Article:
Michal Gálik

* 1932  

  • “And then it was getting into the work. We go to the warehouse and get the big shovels with which we were digging coal and throwing it onto pickaxes . And the second corporal, a Czech, tells us: 'Take one weapon each! These are your weapons to learn how to work for socialism! ”

  • "We were about 14 or 15 in one room again. In wooden barracks. I'm going to the toilet, I am looking for it, it was there, but closed! One of the elders on guard told me, 'If you want to shit or piss, you have to do it outside! ‘That was like a concentration camp! During the summer, during the winter, they opened the toilet inside."

  • For me it did not matter that I knew a little German, I still know Hungarian and of course, Slovak. And we made friends. And the oldest one said, 'What if we ran across the border?' He actually told me that: 'You know Hungarian, you can talk to me in Slovak and you can speak even German.' They knew nothing. I was the youngest of them and they just talked me into it. And then we agreed I don't know which day it was exactly and we crossed the border through the Peceny Forest.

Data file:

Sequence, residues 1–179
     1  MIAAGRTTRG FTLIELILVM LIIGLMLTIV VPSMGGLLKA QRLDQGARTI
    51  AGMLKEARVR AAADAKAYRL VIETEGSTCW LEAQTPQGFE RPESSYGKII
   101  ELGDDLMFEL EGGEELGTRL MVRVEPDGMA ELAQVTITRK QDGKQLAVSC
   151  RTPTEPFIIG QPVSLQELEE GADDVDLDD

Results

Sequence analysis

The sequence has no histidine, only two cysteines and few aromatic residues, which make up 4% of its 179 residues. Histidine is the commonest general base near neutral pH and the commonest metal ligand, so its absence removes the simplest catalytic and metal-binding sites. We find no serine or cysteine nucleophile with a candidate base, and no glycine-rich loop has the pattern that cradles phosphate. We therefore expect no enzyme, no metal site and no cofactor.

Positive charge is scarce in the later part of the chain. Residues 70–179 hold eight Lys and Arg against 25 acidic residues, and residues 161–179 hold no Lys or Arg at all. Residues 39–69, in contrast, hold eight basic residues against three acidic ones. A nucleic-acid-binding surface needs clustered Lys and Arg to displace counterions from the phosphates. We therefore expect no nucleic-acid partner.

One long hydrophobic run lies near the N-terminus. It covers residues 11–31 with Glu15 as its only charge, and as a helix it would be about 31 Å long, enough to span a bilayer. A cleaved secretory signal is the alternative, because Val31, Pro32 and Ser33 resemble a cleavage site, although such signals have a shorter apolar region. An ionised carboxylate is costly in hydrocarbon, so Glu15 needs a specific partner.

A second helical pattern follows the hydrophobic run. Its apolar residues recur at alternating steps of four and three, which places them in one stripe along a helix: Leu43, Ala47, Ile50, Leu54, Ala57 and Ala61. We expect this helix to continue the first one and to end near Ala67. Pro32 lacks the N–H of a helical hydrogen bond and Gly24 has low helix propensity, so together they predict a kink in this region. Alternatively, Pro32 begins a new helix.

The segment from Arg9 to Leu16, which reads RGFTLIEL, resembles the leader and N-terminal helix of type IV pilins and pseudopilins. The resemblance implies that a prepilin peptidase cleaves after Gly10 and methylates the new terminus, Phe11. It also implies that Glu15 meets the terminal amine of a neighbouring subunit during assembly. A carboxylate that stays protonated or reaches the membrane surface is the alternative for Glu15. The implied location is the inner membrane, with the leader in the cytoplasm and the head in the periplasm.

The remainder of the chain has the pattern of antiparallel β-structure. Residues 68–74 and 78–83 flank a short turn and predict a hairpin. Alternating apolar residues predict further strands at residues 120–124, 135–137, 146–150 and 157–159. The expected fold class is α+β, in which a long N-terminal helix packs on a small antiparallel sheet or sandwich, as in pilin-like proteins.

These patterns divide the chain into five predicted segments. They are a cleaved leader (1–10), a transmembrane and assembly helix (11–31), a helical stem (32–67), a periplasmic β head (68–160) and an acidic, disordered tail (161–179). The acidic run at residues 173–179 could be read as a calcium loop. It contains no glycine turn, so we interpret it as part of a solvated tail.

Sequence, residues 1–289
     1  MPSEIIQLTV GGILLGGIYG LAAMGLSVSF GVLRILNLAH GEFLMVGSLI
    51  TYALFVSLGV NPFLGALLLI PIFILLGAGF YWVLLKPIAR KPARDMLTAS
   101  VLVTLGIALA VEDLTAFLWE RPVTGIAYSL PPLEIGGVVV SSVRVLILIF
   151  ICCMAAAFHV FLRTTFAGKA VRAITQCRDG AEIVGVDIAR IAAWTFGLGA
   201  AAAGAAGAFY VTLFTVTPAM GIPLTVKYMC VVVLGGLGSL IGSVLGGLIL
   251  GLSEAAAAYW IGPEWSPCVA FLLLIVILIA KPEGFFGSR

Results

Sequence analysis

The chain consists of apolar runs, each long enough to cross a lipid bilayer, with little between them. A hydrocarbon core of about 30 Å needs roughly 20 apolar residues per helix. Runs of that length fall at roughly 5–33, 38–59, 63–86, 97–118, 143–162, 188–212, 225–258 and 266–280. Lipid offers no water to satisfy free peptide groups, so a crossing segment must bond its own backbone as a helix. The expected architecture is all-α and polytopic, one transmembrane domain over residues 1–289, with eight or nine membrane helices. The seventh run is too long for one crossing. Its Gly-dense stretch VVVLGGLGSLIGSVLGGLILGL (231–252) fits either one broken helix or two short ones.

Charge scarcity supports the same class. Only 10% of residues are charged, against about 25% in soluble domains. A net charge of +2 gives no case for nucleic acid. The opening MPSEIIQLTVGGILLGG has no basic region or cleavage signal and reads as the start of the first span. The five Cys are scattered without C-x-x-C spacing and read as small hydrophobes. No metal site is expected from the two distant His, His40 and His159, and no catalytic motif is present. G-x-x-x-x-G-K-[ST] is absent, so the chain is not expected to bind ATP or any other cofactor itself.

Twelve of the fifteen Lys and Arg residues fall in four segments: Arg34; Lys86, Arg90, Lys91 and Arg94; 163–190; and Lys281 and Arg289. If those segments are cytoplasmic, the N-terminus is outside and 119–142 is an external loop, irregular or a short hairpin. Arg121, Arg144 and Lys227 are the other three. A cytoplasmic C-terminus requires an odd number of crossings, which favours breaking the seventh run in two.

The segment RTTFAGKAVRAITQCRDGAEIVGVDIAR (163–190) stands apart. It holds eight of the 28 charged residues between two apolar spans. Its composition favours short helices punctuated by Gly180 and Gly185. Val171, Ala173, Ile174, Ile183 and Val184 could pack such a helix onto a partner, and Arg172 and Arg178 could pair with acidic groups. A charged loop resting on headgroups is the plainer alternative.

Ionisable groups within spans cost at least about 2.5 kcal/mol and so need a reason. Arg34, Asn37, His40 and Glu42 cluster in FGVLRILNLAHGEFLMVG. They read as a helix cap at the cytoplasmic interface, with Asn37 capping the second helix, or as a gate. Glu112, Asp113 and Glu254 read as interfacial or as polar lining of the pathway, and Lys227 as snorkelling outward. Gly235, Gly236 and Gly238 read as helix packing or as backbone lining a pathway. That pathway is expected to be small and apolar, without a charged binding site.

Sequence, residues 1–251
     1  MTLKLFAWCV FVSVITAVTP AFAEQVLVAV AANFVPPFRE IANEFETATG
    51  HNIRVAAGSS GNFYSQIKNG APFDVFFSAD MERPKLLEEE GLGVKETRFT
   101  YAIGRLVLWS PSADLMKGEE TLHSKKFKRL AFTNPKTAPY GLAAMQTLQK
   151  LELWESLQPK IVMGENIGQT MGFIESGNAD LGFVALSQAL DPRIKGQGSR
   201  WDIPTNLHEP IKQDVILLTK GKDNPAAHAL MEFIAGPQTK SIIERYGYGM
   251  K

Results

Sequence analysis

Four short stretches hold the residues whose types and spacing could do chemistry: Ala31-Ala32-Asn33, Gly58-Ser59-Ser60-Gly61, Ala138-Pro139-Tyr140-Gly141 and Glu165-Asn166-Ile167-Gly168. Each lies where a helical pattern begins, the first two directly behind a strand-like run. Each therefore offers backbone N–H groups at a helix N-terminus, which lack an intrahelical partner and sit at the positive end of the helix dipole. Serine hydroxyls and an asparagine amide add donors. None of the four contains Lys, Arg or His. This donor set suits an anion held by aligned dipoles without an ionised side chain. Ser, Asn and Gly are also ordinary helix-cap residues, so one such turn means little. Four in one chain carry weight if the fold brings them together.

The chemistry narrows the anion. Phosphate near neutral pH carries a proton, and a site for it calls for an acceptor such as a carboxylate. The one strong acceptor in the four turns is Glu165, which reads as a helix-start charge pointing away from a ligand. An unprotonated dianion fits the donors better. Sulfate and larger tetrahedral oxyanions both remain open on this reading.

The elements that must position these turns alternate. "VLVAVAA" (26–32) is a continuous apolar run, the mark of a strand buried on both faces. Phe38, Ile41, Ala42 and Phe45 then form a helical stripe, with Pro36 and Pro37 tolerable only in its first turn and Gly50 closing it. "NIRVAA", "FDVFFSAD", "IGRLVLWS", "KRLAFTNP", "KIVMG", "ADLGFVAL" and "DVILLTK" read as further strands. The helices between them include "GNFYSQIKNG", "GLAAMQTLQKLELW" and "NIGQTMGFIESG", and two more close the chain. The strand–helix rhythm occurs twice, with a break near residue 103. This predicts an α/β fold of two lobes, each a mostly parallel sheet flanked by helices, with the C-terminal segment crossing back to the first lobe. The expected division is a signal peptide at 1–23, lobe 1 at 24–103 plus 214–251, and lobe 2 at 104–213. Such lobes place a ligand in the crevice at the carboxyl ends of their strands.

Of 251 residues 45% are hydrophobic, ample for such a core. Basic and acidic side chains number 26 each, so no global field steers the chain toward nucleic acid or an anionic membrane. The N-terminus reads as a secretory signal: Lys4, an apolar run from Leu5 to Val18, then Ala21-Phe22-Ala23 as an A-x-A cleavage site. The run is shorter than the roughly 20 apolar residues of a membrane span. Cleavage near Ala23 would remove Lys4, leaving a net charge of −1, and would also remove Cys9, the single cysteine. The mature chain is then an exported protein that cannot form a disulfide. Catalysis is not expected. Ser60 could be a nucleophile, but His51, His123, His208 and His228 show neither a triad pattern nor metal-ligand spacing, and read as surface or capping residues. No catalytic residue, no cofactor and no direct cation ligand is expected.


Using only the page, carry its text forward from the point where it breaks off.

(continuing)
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    Bratislava, 26.08.2019

    duration: 01:59:14
    media recorded in project Stories of the 20th century
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These are your weapons, you have to learn how to work for socialism

During service in PTP
During service in PTP
photo: archív pamätníka

Michal Gálik was born on 8 January 1932 in the village of Německý Grob (the current Veľký Grob). He attended a folk school in his birthplace, a grammar school in Pezinok, and in 1947 he joined the Alojz Bezúch company in Bratislava as a car mechanic. In 1948, after the advent of communism, he fled through the Pecka Forest and with his friends to Austria, where they were detained. Michal’s parents wrote to Vienna, eventually taken him to Břeclav and from there to Bratislava to the “Two Lions”, where he had a trial and was conditionally sentenced as a minor. In August 1952 he enlisted in the Auxiliary Technical Battalions (PTP) and served in Most, Dobřany and Liny. He returned to civilian life on January 20, 1954, but in October this year he was again recruited for civil defense in the Ostrava region for the second time. After returning to civilian he worked in several jobs. He lives in Bratislava, has 3 sons and 1 daughter.